dessert run

Last night, Danny and I went to Kroger at 10:00 and bought a chocolate turtle cheesecake.  We had planned to get one slice of their caramel-topped vanilla cheesecake — a portion ideal for two people in need of a cheesecake fix — but the bakery was closed, the lights off, and no one behind the counter to dole out a single serving.

When it comes to no cheesecake or whole cheesecake, the Smiths go whole cheesecake.

Our apartment has been bereft of all dessert foods for about a month, save a packet or two of hot cocoa mix and a few rogue marshmallows.  This was in part due to a collective decision to cut down on the processed sugars and other junk food we keep in our pantry.  But while I would love to chalk up our dessert situation to health consciousness, it was part laziness, too.  We haven’t been very good about regular trips to the grocery store.

I know you’re not supposed to completely deny yourself the fatty and sugary foods you love, even when you’re working on a healthier diet.  This, apparently, will only result in spur-of-the-moment overindulgence.  See above.  And Danny and I have been thinking about healthier desserts to keep on-hand, like all-fruit popsicles and single-serving pudding cups.  (They are a great source of calcium!)  I’ll have to pick up some options over the weekend.

Even if our desserting habits change, I hope the spirit of the 10pm cheesecake continues in our apartment.  Really, one of my favorite things about being married to Danny is that he’s the kind of guy who will change from pajamas into a tee-shirt and jeans late at night to go pick up a cheesecake.  My brother recently blogged about the importance of trying new things as a couple, and I commented that I had heard on the radio that such novelty releases a surge of dopamine in your brain — the same chemical sensation that happens when you first fall in love.  Apparently.  I’m an English major, not a neuroscientist.

Late-night-cheesecaking is, of course, a small-scale example of this, and recent job market discussions have proven that Danny is game for spur-of-the-moment decisions a little more life-changing than hot fudge and graham cracker crust.  I’m lucky to be partnered up with a guy who, when faced with “some small town in the middle of Ohio,” checks out the town’s chamber of commerce website rather than bemoaning the potential demise of his urban lifestyle.  Now if one of those small towns would only hire me.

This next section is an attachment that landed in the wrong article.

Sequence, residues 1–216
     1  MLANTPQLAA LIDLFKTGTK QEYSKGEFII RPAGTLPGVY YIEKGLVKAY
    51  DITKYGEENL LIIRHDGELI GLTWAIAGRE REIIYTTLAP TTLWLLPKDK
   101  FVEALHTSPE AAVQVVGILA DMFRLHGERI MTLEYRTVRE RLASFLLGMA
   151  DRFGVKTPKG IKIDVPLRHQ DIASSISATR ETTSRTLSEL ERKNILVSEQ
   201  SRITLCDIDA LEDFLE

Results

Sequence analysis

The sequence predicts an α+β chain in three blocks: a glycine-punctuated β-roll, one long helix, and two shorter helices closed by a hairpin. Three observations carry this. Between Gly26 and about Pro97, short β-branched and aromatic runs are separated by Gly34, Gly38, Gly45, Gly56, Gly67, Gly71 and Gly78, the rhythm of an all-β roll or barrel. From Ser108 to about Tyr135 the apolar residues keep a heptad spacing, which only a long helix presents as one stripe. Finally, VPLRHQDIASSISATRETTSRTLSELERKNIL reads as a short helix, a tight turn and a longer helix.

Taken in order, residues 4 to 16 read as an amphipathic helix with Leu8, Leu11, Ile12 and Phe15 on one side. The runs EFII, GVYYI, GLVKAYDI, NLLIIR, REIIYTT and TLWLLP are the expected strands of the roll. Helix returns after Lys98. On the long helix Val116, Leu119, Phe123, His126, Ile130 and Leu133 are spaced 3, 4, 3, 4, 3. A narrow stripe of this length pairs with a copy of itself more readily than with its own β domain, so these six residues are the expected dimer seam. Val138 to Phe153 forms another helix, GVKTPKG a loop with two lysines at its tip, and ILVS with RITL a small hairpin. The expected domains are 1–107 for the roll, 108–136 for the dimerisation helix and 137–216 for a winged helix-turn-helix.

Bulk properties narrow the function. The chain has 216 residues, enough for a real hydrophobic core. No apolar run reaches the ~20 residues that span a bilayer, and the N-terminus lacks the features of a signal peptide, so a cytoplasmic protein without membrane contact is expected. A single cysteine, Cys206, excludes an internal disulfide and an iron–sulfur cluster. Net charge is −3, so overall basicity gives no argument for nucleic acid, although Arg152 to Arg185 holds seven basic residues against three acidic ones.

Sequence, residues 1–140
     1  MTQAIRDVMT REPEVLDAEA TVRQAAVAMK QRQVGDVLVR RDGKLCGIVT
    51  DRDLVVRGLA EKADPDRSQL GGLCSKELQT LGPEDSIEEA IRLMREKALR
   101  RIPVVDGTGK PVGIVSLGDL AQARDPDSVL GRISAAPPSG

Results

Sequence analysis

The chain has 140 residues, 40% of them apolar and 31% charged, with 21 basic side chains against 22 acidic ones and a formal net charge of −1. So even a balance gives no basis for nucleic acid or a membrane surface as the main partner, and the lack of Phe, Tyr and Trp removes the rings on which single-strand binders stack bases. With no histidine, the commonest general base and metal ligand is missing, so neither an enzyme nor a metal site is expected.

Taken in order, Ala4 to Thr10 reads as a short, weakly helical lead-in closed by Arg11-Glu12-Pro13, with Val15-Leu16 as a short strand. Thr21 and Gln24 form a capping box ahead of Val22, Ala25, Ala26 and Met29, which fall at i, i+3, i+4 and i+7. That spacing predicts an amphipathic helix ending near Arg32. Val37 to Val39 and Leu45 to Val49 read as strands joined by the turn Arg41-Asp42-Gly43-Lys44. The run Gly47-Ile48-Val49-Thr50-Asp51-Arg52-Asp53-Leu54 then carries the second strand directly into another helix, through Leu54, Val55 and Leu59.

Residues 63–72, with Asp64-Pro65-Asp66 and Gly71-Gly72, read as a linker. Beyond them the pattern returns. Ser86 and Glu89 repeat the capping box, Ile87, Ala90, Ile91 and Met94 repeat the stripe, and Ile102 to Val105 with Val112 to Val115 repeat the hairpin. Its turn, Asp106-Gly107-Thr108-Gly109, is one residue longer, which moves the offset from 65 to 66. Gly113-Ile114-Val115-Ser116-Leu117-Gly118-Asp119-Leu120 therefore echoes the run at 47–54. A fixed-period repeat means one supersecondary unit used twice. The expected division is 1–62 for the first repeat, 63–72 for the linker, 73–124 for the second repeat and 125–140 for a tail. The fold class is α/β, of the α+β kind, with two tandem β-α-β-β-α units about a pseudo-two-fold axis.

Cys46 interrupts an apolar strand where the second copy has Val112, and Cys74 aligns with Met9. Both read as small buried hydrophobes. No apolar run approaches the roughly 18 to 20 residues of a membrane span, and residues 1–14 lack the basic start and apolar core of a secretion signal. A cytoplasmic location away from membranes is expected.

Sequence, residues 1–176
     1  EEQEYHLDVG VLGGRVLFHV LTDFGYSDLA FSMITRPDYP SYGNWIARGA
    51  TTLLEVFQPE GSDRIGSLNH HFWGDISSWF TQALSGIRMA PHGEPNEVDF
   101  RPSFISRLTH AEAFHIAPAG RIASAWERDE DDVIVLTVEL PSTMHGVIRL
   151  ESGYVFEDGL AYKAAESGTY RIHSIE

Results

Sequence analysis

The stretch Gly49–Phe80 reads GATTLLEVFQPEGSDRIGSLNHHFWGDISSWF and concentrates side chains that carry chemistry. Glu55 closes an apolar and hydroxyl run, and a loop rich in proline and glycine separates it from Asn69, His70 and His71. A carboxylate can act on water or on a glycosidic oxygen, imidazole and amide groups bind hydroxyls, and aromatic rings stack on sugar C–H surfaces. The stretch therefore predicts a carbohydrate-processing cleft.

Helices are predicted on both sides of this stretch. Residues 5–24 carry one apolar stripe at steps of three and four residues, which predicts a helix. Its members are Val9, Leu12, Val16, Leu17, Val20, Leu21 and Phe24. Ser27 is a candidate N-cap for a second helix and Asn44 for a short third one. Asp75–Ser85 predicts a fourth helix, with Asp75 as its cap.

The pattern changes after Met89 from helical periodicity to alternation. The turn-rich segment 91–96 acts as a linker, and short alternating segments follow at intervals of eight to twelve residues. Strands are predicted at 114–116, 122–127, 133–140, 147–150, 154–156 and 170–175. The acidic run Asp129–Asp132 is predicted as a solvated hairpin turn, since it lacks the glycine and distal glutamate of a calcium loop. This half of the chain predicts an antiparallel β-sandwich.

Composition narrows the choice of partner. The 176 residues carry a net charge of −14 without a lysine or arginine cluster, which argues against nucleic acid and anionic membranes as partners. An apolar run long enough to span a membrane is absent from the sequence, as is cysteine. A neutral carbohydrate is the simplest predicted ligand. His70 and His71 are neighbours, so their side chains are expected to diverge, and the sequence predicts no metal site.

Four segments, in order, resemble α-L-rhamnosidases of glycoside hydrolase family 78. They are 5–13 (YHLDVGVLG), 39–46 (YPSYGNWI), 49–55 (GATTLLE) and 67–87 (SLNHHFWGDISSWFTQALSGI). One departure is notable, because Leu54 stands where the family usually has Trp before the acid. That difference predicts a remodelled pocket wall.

Cheesecake time.  I’m out.

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9 thoughts on “dessert run

    • I did, but this late in the game I’m not very optimistic. But if I somehow end up there, we could be “real life” friends again as well as online friends!

    • I would come to Ohio freely with no cheesecake, but I haven’t had any luck with Ohio schools so far. We’ll see.

    • That’s a good idea. But I’d have to keep them relatively inaccessible, or I would eat them all in a few days. Perhaps the freezer…

  1. if there was ever a sentence that summed up why i love you and danny so much, it would have to be: “When it comes to no cheesecake or whole cheesecake, the Smiths go whole cheesecake.”

    also, thank you for including that nerdy science graphic. now this blog is something christophe could enjoy! yay for trying new things as a couple…

  2. Take it from me: There are far, far worse places to be than small-town Ohio. Small-town Ohio is never more than an hour from a big city. And dude, cow-tipping!

  3. Pingback: on becoming a two-blog household « running with carrots

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